When MTN managed to get a foothold in Nigeria, it expected good business but could not have imagined it would become the country’s largest listed company in two decades. R. Roy charts MTN’s meteoric rise.
One year after MTN opened its mobile phone operation in Nigeria in 2001, it reported it had reached a milestone – with just over 500,000 subscribers on its network. Nearly two decades later, it has nearly 70m subscribers.
The early teams at MTN, originally called M-Cell, admitted that early projections in both South Africa and in other markets, particularly Nigeria, were well off- target as no one had any idea what the size of the market would be for the new technology.
The story of MTN’s evolution from a good idea into a multibillion-dollar company in less than two decades is the stuff of corporate legend. In a short 20 years, it has become one of Africa’s top multinational companies in an industry that has revolutionised the African continent and beyond.
MTN’s biggest market
Nigeria is MTN’s biggest market, accounting for nearly a third of its annual core profit.
After seeing spectacular growth in South Africa in its early years, the company started expanding into other African markets in 1998, starting with Rwanda, Uganda and Swaziland.
But Nigeria was considered the big prize right from the start, given its population size, then estimated at 160m, and the poor state of its limited landline infrastructure and services.
It had tried several times to get a foothold in Nigeria from 1998, before it finally succeeded in 2001, when it won one of four licences auctioned as part of the deregulation of the telecoms sector by then President, Olusegun Obasanjo.
Original estimates of the prospective market were ridiculously conservative. The initial five-year prediction was 10m subscribers; it ended up being 32m.
The size of informal markets in Nigeria, and elsewhere in Africa, foxed the forecasters who tended to rely on official statistics from the IMF, World Bank and the like to inform business plans.
Ethiopia also on MTN’s radar
Many years later, sub-Saharan Africa is still the fastest growing region for mobile phones, according to industry body GSMA. Penetration is skyrocketing as technology becomes more widespread and less expensive.
It predicts a compounded annual growth rate (CAGR) of 4.6% and an additional 167m subscribers by 2025. This will take the total subscriber base to just over 600m – 50% of Africa’s population – with Nigeria and Ethiopia recording the fastest growth rates.
Ethiopia is on MTN’s radar, presenting the company with a new frontier of expansion, says newly appointed Group CEO, Ralph Mupita. He says the group is preparing to bid for two licences up for grabs for a stake in Ethio Telecom, the government monopoly, which has about 45m subscribers.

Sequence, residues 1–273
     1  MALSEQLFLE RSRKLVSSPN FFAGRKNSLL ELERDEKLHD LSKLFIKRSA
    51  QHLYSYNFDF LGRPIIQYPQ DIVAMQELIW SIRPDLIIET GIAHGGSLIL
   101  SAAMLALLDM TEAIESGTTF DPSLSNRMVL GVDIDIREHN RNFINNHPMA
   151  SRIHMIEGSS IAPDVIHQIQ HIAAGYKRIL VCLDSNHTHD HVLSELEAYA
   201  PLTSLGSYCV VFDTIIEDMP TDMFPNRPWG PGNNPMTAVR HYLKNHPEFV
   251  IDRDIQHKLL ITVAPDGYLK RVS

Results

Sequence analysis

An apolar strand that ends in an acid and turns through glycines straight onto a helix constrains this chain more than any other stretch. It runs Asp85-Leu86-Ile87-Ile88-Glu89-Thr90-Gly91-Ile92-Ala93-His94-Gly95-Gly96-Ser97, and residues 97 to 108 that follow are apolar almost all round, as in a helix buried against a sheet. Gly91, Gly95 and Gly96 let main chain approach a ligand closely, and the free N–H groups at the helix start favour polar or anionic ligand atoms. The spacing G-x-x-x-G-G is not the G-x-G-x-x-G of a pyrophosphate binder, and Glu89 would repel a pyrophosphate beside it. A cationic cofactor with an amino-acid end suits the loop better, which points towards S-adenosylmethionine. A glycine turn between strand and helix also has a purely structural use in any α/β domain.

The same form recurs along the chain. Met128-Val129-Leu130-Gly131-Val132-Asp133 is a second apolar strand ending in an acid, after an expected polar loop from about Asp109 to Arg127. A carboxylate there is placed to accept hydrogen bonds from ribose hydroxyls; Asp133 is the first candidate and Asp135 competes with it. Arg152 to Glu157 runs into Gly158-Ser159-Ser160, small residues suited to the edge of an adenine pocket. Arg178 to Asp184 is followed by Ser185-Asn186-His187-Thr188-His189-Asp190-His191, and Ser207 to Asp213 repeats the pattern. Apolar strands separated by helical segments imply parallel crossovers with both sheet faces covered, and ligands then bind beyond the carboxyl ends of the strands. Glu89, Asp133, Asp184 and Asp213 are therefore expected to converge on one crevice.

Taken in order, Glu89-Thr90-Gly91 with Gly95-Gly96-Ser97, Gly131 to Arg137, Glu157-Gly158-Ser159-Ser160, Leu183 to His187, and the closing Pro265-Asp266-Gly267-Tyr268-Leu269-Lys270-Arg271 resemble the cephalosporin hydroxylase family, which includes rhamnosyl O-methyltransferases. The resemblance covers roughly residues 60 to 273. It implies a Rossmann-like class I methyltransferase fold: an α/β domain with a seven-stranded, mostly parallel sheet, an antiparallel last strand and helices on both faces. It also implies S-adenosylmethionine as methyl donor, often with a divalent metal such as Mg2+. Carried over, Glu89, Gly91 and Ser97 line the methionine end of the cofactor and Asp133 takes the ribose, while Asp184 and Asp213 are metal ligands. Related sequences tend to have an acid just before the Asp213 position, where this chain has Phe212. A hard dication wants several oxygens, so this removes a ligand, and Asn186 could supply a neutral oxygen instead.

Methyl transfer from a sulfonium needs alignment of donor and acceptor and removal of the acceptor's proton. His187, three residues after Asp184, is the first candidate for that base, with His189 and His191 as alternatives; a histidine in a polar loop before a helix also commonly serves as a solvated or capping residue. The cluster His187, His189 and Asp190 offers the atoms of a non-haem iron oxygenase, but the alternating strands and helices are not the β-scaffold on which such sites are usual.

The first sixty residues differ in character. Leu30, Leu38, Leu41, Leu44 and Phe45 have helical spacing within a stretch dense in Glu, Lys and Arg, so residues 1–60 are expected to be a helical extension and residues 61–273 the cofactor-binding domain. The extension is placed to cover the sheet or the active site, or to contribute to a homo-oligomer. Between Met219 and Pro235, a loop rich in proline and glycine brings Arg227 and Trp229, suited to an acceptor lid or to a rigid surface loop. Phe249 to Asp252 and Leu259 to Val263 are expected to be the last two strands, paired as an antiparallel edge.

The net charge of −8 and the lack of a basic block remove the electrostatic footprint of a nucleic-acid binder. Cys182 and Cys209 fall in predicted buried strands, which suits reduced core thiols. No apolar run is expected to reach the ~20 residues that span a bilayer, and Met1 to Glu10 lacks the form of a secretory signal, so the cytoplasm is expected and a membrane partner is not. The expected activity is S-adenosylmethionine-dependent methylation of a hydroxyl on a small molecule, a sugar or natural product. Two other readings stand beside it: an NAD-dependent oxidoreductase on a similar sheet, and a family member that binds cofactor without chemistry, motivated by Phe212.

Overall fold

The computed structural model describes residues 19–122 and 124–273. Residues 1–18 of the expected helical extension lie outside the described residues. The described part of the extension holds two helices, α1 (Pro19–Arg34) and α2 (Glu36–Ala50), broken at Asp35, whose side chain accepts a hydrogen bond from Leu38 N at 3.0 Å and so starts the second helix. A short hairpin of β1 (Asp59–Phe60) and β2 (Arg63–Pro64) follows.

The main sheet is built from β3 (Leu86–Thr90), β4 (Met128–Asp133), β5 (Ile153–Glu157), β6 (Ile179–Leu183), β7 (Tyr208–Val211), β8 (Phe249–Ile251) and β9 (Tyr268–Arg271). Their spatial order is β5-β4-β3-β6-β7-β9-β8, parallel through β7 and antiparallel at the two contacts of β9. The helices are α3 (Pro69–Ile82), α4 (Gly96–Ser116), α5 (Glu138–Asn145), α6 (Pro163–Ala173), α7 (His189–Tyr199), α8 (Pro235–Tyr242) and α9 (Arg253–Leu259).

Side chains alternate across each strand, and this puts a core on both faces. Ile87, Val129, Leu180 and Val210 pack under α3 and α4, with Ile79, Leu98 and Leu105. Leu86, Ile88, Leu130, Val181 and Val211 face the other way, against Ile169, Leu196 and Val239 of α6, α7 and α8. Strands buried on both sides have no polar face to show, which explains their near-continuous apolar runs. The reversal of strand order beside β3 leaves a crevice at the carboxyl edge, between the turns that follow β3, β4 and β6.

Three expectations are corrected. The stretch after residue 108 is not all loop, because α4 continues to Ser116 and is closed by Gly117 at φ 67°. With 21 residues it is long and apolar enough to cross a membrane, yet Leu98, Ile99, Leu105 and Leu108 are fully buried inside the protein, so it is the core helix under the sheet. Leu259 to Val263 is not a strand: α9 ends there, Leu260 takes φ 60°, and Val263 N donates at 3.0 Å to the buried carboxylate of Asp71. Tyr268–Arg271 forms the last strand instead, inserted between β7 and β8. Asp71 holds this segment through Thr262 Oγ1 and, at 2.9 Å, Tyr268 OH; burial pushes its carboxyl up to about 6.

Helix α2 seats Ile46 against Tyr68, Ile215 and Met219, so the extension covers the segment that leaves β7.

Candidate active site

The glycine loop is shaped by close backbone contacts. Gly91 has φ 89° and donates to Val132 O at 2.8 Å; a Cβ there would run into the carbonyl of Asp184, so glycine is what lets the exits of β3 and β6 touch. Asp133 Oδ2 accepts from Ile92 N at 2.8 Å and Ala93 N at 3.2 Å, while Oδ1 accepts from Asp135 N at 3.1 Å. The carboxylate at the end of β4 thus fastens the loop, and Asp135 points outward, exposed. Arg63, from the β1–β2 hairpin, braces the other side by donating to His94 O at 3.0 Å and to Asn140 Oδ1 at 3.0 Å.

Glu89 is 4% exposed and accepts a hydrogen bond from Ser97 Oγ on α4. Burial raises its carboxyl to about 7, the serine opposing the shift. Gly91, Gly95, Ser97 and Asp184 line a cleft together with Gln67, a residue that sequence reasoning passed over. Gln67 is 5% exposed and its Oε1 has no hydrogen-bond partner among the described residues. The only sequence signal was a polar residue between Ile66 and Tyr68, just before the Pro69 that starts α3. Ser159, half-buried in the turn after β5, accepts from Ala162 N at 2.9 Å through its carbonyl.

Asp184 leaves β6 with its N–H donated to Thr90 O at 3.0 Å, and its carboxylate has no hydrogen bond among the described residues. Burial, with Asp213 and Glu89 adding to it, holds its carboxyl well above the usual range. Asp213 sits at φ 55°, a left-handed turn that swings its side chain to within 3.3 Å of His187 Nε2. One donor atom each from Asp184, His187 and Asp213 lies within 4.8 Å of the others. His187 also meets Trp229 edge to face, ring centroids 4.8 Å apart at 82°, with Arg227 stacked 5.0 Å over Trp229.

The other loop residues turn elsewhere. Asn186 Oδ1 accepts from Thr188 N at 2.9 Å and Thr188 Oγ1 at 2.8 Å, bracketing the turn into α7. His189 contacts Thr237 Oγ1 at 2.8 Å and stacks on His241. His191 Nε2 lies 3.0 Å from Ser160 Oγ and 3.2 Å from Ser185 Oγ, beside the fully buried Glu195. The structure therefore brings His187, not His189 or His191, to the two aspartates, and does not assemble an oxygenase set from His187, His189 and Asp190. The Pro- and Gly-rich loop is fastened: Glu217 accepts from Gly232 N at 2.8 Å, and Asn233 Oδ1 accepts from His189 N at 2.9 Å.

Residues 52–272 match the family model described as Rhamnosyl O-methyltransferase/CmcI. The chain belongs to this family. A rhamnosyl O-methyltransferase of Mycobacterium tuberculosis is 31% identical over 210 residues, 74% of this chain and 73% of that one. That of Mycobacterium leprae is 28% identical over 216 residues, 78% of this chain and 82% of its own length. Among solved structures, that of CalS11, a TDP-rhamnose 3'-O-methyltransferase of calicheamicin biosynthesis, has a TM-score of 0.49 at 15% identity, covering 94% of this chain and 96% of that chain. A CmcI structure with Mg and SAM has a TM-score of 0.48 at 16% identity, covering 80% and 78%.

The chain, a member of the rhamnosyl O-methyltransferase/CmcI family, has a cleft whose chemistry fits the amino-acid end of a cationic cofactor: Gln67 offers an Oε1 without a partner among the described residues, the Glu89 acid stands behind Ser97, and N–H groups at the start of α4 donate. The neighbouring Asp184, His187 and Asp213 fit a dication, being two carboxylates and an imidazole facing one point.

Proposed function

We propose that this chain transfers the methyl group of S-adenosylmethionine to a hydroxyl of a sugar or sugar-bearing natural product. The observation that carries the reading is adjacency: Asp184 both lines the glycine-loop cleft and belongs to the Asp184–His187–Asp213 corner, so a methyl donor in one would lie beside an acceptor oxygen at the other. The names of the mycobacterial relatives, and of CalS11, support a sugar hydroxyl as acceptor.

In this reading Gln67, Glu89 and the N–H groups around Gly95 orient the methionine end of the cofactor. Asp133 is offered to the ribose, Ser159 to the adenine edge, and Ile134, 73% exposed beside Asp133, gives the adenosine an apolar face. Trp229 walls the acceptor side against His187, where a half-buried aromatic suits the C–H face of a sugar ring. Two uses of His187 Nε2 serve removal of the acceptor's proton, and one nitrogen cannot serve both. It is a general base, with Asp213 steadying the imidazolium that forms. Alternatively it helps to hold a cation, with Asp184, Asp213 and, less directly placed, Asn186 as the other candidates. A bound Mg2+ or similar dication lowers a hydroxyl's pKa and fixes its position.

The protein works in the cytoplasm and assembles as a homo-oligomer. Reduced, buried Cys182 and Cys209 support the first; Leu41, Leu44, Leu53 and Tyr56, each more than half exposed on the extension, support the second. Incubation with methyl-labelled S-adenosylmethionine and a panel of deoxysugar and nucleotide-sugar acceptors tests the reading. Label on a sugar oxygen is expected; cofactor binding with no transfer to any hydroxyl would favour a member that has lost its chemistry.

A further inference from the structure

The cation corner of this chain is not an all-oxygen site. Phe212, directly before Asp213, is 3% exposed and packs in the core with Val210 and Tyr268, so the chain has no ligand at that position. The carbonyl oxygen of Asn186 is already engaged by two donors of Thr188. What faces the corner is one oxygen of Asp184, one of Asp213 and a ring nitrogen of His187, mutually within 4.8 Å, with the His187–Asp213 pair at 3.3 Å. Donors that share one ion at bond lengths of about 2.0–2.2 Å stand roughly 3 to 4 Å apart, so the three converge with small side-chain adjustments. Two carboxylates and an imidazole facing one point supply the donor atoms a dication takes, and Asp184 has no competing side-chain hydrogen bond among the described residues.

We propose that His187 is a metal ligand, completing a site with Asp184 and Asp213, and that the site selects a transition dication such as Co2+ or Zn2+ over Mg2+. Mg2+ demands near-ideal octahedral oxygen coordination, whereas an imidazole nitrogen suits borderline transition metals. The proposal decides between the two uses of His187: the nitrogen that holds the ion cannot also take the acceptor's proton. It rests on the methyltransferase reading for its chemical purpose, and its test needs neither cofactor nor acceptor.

The MTN Group is to offload its businesses in Iran, Syria, Yemen and Afghanistan to focus on Africa.
Staying the course in Nigeria
Over the years, MTN has ploughed billions of dollars of investment into Nigeria to keep up with ever-growing demand. In 2020, it announced a three-year capital investment programme of $1.6bn to strengthen and expand its network and operations in the country.
The company has committed to expanding the 4G network from the existing 40% coverage. The Nigeria Communications Commission is still developing a 5G policy for the country. MTN has also got the nod from the central bank to move into the digital financial services space.
The company is staying the course despite a rocky ride with the authorities in the past few years over allegations of tax dodging and irregular repatriation of dividends more than a decade ago. These issues have been resolved through negotiation and dispute resolution over time, although analysts believe the perceived harassment of one of Nigeria’s biggest investors has tainted the country’s investment brand.
Part of the settlement of the record $5.1bn fine levied by the government for MTN’s failure to disconnect users with unregistered SIM cards, in violation of an official directive, involved the company undertaking a long-promised listing on the Nigerian Stock Exchange.
MTN opted to do so by way of a “listing by introduction“, which disappointed many Nigerians hoping to get a slice of the telecoms giant. Nigerian investors hold about 20% of its shares, with MTN retaining 78.8%, and other investors holding 1.8%.
Mupita says the aim is to bring this figure closer to 35%, with an IPO planned for when the market, battered by all-time low oil prices and Covid-19 lockdowns, is stronger.